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NEA News

Intervention Specialist Receives First National ESP Award

The RISE award acknowledges the pivotal role Education Support Professionals (ESPs) play in student success.
RISE Award Winner Melito Ramirez
RISE Award winner Melito Ramirez.
Published: 05/24/2021

Key Takeaways

  1. Education support professionals (ESPs) ensure student success inside and outside the classroom.
  2. The RISE Award is the culmination of a multi-year effort to recognize ESPs nationally.
  3. The heroism of ESPs must also be championed through passage of the American Rescue Plan.

A school intervention specialist at Walla Walla High School in Walla Walla, Washington, Melito Ramirez is an education support professional (ESP) who makes sure that no student slips through the cracks.

Whether it’s inside the four walls of a classroom, on the bus, in the hallway, or anywhere within a school community, “we all can make a difference, one student at a time,” Ramirez says.

Ramirez, a member of Service Employees Union International, is America’s first recipient of the “Recognizing Inspiring School Employees (RISE)” Award. Given by the U.S. Department of Education, the RISE award acknowledges the pivotal role Education Support Professionals (ESPs) play in fostering safe, healthy, and supportive learning environments for students across the nation.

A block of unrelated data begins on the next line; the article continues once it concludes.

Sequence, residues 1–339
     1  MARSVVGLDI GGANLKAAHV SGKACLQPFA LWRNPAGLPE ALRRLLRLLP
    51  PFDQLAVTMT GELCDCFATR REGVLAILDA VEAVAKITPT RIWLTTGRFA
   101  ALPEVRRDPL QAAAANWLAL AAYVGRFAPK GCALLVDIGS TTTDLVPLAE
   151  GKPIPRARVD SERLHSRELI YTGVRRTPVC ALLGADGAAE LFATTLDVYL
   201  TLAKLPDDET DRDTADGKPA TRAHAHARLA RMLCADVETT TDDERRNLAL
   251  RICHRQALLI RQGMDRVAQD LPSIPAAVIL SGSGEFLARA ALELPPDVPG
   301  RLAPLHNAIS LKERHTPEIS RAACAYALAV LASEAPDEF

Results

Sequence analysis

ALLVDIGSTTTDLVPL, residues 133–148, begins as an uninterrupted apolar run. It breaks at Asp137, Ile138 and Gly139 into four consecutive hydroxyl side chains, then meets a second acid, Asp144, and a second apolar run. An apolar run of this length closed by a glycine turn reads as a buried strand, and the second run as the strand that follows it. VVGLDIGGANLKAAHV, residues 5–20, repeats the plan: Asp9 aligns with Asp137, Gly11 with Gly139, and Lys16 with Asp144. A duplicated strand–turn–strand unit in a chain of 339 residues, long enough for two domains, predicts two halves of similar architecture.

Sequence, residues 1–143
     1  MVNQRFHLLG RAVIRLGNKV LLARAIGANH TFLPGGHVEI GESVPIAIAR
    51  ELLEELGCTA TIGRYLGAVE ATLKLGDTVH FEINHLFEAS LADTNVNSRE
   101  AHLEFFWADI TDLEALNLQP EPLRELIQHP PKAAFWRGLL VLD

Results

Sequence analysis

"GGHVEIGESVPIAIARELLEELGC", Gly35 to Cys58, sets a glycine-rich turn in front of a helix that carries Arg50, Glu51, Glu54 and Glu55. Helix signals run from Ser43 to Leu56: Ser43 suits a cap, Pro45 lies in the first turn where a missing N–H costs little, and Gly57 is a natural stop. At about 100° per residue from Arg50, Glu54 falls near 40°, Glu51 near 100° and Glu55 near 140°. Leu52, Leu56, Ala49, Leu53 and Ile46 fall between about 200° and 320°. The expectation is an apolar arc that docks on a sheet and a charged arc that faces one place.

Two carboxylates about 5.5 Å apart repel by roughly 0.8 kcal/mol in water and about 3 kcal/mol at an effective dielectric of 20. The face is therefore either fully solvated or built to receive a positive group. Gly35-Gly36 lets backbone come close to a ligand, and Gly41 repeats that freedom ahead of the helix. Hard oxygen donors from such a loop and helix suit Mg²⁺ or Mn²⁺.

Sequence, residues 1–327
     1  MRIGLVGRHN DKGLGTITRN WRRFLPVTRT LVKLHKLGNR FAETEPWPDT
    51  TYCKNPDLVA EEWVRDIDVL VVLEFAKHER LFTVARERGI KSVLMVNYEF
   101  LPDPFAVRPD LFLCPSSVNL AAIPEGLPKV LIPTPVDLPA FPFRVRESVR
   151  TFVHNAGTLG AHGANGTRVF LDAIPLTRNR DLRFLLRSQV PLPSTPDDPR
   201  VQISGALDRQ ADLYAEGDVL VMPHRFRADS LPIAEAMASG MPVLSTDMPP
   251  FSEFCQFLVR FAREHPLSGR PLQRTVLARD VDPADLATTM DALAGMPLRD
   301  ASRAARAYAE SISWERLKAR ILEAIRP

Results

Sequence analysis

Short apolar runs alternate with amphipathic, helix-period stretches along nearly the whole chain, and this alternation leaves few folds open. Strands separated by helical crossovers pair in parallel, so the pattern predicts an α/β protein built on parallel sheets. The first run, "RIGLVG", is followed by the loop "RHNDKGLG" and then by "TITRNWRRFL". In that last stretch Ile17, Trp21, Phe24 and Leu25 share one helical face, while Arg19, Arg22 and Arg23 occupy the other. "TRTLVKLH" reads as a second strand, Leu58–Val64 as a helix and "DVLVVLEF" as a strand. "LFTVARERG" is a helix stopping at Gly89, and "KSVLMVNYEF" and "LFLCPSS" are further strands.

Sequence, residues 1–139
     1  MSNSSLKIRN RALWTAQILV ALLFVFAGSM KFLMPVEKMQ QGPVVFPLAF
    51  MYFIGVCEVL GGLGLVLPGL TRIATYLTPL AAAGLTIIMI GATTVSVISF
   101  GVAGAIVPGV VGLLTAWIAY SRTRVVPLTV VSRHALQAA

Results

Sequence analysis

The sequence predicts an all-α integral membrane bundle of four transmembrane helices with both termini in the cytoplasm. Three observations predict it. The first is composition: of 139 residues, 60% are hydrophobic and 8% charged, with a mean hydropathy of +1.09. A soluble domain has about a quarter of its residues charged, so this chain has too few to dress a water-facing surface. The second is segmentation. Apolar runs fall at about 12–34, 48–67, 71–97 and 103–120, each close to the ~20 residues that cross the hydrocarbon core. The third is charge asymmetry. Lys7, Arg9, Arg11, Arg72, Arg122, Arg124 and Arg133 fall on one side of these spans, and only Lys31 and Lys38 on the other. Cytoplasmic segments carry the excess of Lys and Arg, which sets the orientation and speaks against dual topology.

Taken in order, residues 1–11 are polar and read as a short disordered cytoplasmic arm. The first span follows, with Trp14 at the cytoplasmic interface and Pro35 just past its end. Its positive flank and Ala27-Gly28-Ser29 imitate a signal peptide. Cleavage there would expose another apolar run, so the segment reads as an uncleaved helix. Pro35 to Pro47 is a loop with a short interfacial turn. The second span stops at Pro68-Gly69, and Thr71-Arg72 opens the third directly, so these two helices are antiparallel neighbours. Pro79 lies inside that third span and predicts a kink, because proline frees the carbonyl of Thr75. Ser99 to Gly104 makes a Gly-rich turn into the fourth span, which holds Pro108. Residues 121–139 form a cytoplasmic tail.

As the leading voice representing ESPs working in schools across the country, NEA joined a coalition of labor unions to organize and lead a multi-year effort to have the valuable contributions of ESPs recognized annually.  That effort culminated in the creation of this prestigious award through the passage of the Recognizing Achievement in Classified School Employees Act (H.R. 276) in 2019.

“On behalf of NEA’s three million members, I want to congratulate Mr. Ramirez for his work with the students and families of Walla Walla, Washington. Every single Education Support Professional, including the hundreds of thousands of valued NEA ESP members, go to incredible lengths to support the nation’s students every day,” said NEA President Becky Pringle. “NEA hopes that the visibility created through this award will help drive greater awareness of the central roles ESPs have in preparing students for success, deepen the respect for their knowledge and experience, and promote their authentic inclusion within school systems.” 

Over his 40-year career, Ramirez has worked for multiple school districts in more than a dozen different roles, such as migrant home visitor, summer school coordinator, special education secretary, and bus driver. Ramirez now conducts home visits, bridges the gap between home and school for Spanish speaking families, and works to secure the mental health and technological resources students need.

Ramirez helped to organize a night school in English and Spanish for adults in the Walla Walla community. He has supported students as they apply for and participate in youth leadership programs, as both a mentor and bus driver. And, he is credited with diminishing tensions among rival gang members in the 1990s when gang conflict was high in the Walla Walla area by coordinating supervised evening and weekend activities.